“As you age, your arteries stiffen, which can cause isolated systolic hypertension (high blood pressure),” says Dr. Drescher. “We used to think it was normal for older patients to develop high blood pressure and have more heart attacks and strokes. But, treating hypertension in older adults effectively reduces their risk for heart attack, stroke, and death.” 

Don’t accept high blood pressure and the risks associated with it as an unavoidable part of aging. Significantly low blood pressure can trigger dizziness, falls, and fainting. Both of these conditions should be addressed by your doctor.

How’s your cholesterol?

“In older people, high cholesterol should be treated if you have vascular disease, a condition where plaque builds in the coronary arteries, great vessels, carotid arteries, and leg arteries,” says Dr. Drescher. “In older patients without vascular disease, treatments to reduce cholesterol significantly do not decrease the risk of heart attack and stroke.”

Speak to your doctor about your latest fasting cholesterol test to learn more about your cholesterol numbers.

Does heart disease run in your family?

If you have stable coronary heart disease, you may experience chest pain with exertion, but it goes away with rest. “Your treatment depends on whether your symptoms can be controlled with medication and if your stress test or echocardiogram show evidence of high risk,” Dr. Drescher says. “Stable coronary artery disease requires aggressive risk management, including lowering cholesterol and controlling blood pressure.”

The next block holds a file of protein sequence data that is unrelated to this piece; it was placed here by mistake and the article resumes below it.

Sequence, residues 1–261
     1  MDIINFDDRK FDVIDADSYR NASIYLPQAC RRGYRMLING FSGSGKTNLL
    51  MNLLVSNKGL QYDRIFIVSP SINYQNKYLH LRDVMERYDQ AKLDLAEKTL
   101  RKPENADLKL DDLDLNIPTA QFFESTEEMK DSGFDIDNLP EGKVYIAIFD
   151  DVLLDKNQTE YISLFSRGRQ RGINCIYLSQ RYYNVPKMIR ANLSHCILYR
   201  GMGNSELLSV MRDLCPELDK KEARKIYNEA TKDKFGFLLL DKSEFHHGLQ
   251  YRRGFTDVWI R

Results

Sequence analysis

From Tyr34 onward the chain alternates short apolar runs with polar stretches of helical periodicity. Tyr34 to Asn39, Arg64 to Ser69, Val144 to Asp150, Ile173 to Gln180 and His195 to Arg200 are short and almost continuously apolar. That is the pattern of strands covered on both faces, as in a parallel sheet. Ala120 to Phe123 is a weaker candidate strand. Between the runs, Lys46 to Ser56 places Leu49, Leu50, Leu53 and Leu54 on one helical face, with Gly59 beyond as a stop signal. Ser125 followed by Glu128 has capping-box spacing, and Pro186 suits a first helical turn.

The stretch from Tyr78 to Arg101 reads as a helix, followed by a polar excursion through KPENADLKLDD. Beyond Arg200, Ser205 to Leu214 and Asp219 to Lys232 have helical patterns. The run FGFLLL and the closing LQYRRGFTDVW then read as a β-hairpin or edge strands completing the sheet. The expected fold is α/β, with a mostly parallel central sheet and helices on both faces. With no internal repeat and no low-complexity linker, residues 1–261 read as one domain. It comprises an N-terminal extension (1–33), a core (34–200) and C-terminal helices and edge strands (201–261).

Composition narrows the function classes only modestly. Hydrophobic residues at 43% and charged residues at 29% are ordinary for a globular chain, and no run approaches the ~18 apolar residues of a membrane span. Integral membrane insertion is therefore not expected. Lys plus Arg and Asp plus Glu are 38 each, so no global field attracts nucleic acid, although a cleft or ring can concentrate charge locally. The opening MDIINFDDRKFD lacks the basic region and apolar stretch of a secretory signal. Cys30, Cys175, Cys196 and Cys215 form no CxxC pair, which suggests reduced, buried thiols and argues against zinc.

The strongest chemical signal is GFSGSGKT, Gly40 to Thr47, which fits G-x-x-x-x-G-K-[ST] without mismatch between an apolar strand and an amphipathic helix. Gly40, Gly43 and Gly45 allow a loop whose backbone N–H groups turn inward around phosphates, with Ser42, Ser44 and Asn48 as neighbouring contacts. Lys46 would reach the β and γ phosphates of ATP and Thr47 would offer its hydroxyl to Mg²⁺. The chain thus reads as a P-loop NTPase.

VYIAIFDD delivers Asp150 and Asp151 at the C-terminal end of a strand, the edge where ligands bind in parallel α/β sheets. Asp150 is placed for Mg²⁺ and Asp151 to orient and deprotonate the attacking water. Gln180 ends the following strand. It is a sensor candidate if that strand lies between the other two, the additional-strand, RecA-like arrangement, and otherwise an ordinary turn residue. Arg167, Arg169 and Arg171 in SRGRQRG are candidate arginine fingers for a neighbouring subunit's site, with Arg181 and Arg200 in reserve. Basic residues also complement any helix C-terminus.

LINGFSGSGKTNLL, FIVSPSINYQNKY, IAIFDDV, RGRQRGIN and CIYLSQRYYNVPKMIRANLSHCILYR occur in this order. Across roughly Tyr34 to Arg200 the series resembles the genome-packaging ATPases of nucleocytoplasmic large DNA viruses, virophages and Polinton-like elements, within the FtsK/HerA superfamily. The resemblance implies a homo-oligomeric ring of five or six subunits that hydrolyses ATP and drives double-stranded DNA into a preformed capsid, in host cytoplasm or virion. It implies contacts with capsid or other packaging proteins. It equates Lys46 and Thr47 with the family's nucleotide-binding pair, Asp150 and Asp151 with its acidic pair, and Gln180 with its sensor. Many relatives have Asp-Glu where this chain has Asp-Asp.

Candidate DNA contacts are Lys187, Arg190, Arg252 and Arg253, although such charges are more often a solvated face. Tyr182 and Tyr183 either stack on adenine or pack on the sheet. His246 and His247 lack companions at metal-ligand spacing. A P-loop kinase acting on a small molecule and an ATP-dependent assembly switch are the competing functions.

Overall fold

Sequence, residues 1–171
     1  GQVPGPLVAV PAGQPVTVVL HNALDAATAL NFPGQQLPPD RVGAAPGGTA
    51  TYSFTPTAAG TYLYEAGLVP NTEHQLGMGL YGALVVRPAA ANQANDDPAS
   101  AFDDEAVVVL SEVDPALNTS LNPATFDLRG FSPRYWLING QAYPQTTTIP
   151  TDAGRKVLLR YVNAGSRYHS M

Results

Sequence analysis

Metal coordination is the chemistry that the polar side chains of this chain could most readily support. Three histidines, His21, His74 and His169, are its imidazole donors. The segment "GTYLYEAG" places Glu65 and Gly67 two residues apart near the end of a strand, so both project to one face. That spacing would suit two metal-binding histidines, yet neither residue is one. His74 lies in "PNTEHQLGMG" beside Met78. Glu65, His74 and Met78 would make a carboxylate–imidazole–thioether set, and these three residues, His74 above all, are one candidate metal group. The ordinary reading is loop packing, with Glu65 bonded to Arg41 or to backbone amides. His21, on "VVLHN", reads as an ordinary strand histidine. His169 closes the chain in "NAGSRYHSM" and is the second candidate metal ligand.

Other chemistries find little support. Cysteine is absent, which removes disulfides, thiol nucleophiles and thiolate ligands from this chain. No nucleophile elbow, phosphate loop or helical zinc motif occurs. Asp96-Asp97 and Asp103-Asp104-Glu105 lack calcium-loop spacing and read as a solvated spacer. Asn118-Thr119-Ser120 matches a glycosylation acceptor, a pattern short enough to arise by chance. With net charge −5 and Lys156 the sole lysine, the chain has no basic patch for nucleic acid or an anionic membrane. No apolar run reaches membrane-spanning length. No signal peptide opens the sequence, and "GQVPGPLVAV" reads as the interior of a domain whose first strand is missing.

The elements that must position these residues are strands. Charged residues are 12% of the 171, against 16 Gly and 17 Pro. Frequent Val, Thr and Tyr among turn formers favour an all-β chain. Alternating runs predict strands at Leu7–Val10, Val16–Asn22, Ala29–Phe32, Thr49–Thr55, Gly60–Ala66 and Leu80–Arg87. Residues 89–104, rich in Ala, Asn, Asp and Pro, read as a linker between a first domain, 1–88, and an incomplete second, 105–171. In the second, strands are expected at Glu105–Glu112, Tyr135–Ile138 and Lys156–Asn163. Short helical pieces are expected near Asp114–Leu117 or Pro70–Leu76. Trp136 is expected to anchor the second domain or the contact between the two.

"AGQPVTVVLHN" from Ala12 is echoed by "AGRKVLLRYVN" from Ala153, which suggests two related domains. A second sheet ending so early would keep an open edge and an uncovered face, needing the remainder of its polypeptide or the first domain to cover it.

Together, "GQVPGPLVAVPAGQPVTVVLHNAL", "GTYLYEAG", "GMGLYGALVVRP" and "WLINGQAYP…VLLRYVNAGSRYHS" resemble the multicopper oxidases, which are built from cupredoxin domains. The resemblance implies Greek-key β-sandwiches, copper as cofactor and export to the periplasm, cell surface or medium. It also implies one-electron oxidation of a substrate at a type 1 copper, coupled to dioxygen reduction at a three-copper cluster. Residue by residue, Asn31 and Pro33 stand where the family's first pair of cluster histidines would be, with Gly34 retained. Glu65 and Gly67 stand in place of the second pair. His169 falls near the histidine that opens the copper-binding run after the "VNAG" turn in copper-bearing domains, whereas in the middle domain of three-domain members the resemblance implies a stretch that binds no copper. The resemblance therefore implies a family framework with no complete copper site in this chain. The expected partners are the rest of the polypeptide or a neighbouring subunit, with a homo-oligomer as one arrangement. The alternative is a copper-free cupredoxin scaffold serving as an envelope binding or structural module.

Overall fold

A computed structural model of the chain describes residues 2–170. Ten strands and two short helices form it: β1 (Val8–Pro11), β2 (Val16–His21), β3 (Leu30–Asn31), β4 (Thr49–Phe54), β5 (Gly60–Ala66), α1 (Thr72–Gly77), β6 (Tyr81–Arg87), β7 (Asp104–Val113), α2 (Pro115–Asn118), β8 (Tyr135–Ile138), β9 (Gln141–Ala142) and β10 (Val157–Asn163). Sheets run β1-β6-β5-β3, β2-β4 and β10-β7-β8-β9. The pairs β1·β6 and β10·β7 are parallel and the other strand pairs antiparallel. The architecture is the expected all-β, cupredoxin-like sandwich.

Have you spoken to your doctor about AFib?

Your risk for developing atrial fibrillation (AFib) increases with age. This irregular heart rhythm can lead to blood clots and strokes. 

The treatment of AFib focuses on controlling the rapid heart rate with the goal of restoring a normal rhythm. “In the elderly, there is increased risk of bleeding,” Dr. Drescher says. “Frail patients may not be able to take the blood-thinning, anticoagulation medications prescribed to treat AFib.”

If you or a loved one are managing AFib with a risk for serious bleeding, talk to your doctor about other, safer therapies.

Can you avoid heart failure?

Aortic stenosis is most often a disease that impacts the heart health of people over 65. This disease develops calcium deposits on the aortic valve, preventing it from fully opening, which can lead to heart failure and death. 

Dr. Drescher says, “Aortic stenosis can now be safely treated—even in very elderly patients—with a bio- prosthetic aortic valve implant. We place this implant through an artery in the leg or via minimally invasive surgery.” 

Take your cardiovascular health to heart.

Beyond taking your heart medications as prescribed, you can reduce your risk for heart disease, stroke, and heart attack with some heart healthy lifestyle choices. 

Most importantly, maintain a healthy weight. It’s not too late to enjoy a heart-smart diet and exercise regularly (cardio, strengthening, and stretching). Reduce how much alcohol you drink, finally quit smoking, get more quality sleep, and lower your stress.

Along with medical treatment, these lifestyle changes can improve your quality of life, increase your energy, and reduce your risk for heart attack, heart failure, and premature death.

To make an appointment with Dr. Drescher, click here.

 


Dana Kantrowitz is a contributing writer for UMiami Health News.